To evaluate the regioselectivity of generated radicals in the heterogeneous catalytic process for IBP molecules attacking, Fukui function (f-) based on the density functional theory (DFT) calculation was applied. Details on DFT calculation are presented in the Text S4 (Supporting information).
The materials were characterized by transmission electron microscopy (TEM), X-ray photoelectron spectroscopy (XPS), and powder X-ray diffraction (XRD). Meanwhile, the surface area and pore size distribution of the materials were obtained by the Brunauer-Emmett-Teller (BET) and the Barrett-Joyner-Halenda (BJH) method (Text S5 in Supporting information).
Fig. 1 depicts the TEM images of h-Co(OH)2. Unlike the p-Co (OH)2 prepared by directly conventional precipitation method, which generally exhibits broken and uneven flat platelets in the 100–500 nm range in size , h-Co(OH)2 was observed as hollow structure (Fig. 1a) and totally transformed into aggregated nanosheet-shell-like clusters after solvothermal-hydrothermal reaction (Fig. 1b). In addition, h-Co(OH)2 were microscale hollow spheres (Fig. 1b), in which consist of the center holes of ~1 mm and thin nanosheets shell of ~10 nm (Figs. 1c and d). TEM analysis indicated that the nanosheets-shell had crystalline characteristic (Fig. 1d), which is further confirmed by the XRD analysis. In addition, the h-Co(OH)2 with hollow structure exhibits larger specific surface area (132.36 m2/g) and total pore volume (0.57 cm3/g) than that of the p-Co(OH)2 (23.9 m2/g and 0.088 cm3/g)  (Table S1, Figs. S1 and S2 in Supporting information), suggesting efficient interaction with PMS for its activation by h-Co(OH)2.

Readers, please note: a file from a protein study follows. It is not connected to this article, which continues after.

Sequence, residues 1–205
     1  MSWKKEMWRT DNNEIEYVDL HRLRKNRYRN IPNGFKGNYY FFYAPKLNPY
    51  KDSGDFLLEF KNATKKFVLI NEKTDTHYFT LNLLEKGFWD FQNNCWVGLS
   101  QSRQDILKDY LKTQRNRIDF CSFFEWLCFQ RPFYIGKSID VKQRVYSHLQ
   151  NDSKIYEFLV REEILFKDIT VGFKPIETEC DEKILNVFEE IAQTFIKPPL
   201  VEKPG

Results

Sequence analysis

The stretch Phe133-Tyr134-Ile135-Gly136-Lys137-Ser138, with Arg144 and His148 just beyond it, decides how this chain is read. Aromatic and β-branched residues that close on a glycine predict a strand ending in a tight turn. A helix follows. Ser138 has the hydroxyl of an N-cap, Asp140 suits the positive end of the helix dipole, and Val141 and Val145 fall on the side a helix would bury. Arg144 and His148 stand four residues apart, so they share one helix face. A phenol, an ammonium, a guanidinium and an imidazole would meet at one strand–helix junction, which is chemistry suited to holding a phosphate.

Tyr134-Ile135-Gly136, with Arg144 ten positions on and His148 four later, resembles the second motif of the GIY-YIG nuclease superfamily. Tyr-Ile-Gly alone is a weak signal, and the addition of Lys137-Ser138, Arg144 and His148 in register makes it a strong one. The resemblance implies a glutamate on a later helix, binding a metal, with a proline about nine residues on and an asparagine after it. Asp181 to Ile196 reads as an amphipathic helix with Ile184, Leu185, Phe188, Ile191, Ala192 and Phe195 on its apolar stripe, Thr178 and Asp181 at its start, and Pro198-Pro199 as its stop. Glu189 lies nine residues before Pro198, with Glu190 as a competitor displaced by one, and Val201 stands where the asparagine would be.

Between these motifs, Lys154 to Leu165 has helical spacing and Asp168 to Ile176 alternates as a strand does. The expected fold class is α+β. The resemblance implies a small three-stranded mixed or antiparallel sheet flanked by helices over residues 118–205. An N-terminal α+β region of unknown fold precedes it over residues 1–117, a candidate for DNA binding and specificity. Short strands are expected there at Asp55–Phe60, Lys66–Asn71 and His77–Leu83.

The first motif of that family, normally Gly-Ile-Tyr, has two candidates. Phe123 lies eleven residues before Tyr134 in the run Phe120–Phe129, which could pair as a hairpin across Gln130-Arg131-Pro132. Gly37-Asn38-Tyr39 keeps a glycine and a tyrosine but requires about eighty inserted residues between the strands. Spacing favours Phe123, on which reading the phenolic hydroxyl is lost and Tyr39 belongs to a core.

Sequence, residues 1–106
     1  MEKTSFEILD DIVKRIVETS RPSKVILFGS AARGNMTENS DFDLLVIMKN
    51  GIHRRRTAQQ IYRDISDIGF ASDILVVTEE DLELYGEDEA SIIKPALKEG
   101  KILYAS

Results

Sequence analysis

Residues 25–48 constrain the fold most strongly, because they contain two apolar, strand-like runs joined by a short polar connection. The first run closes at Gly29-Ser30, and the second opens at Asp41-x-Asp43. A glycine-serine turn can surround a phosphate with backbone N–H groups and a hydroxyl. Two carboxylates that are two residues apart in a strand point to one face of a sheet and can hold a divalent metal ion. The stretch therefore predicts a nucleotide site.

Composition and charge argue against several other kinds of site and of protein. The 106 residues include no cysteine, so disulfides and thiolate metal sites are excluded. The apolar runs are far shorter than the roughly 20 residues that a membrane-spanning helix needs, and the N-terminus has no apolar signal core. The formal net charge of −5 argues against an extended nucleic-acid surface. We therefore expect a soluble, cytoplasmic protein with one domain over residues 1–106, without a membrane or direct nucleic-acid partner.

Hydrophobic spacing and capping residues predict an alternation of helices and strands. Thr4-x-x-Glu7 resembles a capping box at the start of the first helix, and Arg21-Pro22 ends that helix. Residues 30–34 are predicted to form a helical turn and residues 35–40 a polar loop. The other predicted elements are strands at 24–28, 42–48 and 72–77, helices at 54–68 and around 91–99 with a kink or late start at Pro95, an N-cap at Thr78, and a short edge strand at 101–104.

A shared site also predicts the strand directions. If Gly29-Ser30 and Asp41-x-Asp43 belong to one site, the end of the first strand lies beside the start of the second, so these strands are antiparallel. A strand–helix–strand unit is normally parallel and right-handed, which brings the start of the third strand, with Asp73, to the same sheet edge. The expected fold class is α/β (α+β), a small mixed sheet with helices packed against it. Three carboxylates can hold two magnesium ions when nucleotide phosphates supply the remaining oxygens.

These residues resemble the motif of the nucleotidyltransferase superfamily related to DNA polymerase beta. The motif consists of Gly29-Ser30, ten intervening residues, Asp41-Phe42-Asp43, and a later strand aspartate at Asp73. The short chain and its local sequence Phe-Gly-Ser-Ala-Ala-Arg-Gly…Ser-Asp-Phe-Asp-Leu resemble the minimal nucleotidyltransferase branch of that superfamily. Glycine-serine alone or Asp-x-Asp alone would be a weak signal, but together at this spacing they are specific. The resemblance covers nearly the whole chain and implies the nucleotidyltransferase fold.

|Fig. 1. TEM images of h-Co(OH)2. Scale bars: 2 μm (a), 1 μm (b), 50 nm (c), 20 nm (d).|
Fig. 2 presents XRD patterns of p-Co(OH)2 and h-Co(OH)2. For conventional p-Co(OH)2, four distinct peaks at 19.1°, 32.5°, 38° and 51.4° appeared and assigned to the crystalline plane (001), (100), (101) and (102) of β-Co(OH)2, respectively (JCPDS 00-030-0443) [23, 25, 26]. However, all the significant characteristic peaks belonged to α-Co(OH)2 in the h-Co(OH)2 spectra, as 9.5°, 17.8°, 33.7° and 59.5° peaks were assigned to the (003), (006), (012) and (113) crystalline plane of α-Co(OH)2 (JCPDS 00-046-0605), respectively [23, 27]. It is indicated that different crystalline phase formed for h-Co(OH)2 compared with conventional p-Co(OH)2 due to the solvothermal-hydrothermal method. In addition, the different Co(OH)2 phases can contribute to the distinct crystalline plane (reactive sites) to active PMS and result in the different removal efficiency of IBP.
Fig. S3 (Supporting information) shows XPS spectra of p-Co (OH)2 and h-Co(OH)2. For these two materials, the significant peaks of and O 1s in the survey spectra (Fig. S3a) indicated the similar element composition. In the high resolution of Co 2p spectra (Fig. S3b), the two group peaks at 781.1 and 796.8 eV for both materials are attributed to Co2+ in Co(OH)2 [23, 26]. The existence of satellite vibration peaks near 786.2 eV and 802.6 eV for Co 2p3/2 and Co 2p1/2 confirms the formation of Co3+ due to surface oxidation [28, 29].